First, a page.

“The support Priya provided to help me gain weight and overcome an eating disorder was above and beyond what I would expect from a dietician. We met regularly and she never failed to surprise me with creative and interesting ideas to introduce variety into my diet and ensure that the weight gain process was as exciting and smooth as it could be. She encouraged me to face my eating disorder head on and used her incredibly extensive and detailed knowledge on nutrition to challenge disordered thinking. Her holistic approach has been so integral to my recovery that I cannot thank her more! I’d recommend working with Priya to anyone, as her caring, enthusiastic and creative approach is something you don’t find easily.”
Stir Fry is one of those meals we make a lot at home. It is fast food, easy to make and satisying. This one, made on Eat Well for Less uses frying steak which is quick to cook due to it’s thinness and cheaper than other cuts. Top tip – you don’t want to overcook this so having all your ingredients pre chopped and ready for action is a good idea.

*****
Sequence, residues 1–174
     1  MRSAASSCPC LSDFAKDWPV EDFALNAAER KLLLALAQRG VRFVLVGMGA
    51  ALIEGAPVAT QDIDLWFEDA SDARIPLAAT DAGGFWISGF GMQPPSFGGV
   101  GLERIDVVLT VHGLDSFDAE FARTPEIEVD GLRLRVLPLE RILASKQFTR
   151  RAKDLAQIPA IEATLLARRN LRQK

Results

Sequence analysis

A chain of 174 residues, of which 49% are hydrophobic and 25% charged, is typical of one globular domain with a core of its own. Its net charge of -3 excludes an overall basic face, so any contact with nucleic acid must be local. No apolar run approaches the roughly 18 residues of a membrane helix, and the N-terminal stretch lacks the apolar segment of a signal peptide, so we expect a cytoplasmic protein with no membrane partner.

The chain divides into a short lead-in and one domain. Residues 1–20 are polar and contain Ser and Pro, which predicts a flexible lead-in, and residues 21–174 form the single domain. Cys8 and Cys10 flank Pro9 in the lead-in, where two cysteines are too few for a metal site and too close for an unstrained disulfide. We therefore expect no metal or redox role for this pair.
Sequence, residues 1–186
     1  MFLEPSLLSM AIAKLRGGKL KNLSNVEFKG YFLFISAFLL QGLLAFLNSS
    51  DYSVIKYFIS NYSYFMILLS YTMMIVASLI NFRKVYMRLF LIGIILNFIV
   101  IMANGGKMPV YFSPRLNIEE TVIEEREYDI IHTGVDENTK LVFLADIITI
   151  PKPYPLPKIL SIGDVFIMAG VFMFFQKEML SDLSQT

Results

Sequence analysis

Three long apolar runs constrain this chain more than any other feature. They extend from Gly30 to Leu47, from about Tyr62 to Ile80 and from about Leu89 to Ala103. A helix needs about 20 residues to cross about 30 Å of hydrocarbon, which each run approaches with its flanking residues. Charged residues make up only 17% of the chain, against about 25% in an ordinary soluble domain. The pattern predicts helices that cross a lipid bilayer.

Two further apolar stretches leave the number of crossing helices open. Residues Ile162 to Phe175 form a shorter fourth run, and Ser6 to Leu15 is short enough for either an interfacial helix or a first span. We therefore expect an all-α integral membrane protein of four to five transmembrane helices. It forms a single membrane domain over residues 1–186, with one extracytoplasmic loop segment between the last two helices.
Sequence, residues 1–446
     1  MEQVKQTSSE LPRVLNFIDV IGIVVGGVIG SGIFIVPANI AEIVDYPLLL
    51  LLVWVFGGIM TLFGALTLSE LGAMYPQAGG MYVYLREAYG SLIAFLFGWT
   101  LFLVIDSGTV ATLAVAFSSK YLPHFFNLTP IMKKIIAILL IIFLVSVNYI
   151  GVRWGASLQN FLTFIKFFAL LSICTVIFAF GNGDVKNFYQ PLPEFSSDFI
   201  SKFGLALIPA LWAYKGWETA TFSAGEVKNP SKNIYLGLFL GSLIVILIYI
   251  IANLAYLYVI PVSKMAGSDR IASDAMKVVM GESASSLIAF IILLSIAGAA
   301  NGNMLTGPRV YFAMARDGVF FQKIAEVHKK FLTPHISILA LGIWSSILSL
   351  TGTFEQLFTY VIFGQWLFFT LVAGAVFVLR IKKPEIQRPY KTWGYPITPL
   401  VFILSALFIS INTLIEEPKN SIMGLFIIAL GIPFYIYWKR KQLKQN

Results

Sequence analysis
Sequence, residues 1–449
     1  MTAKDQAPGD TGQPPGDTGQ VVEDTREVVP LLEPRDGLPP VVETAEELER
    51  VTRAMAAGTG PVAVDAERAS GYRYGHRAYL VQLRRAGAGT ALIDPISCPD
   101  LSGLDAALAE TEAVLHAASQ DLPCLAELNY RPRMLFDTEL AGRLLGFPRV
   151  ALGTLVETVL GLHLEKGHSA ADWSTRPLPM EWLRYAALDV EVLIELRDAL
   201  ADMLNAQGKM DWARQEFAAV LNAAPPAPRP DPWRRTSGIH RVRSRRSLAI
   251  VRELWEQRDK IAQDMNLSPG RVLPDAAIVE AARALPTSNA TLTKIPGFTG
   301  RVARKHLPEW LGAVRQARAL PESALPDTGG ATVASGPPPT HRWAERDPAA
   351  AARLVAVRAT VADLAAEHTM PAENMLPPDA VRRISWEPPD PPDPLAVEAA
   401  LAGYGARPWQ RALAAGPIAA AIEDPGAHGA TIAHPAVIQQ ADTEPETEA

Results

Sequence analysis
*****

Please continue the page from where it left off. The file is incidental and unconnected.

This is one of those recipes you can make your own. Adding bamboo shoots and beansprouts would give it a nice Chinese style touch, or add any other veggies you have.
Use gluten free soy sauce and stock cube to make this a gluten free meal.
Red meat is important for iron and zinc intake, something that we know is an issue for teenage girls and young women. This can then be exacerbated if you become pregnant. So whilst red meat is sometimes frowned upon, this recipe provides a great way to include it in your weeks meal plan.
I’ve modified it from the version on the show, scaling it down to serve 4 people rather than 6.
Easy Beef Stir Fry
- 300 g basmati rice
- 1/2 tbsp rapeseed oil
- 400 g frying steak
- 1/2 tsp cornflour
- 40 g cashew nuts
- 1 red onion, thinly sliced
- 2 garlic cloves, crushed
- thumb sized piece ginger, peeled and grated
- 1 head broccoli
- 1 1/2 tsp soy sauce
- 1 1/2 tsp oyster sauce
- 1/2 vegetable stock cube
- 1 small bunch coriander
Rinse and drain the rice. Bring a large saucepan of water to the boil, add the basmati, stir well then cook according to the packet instructions.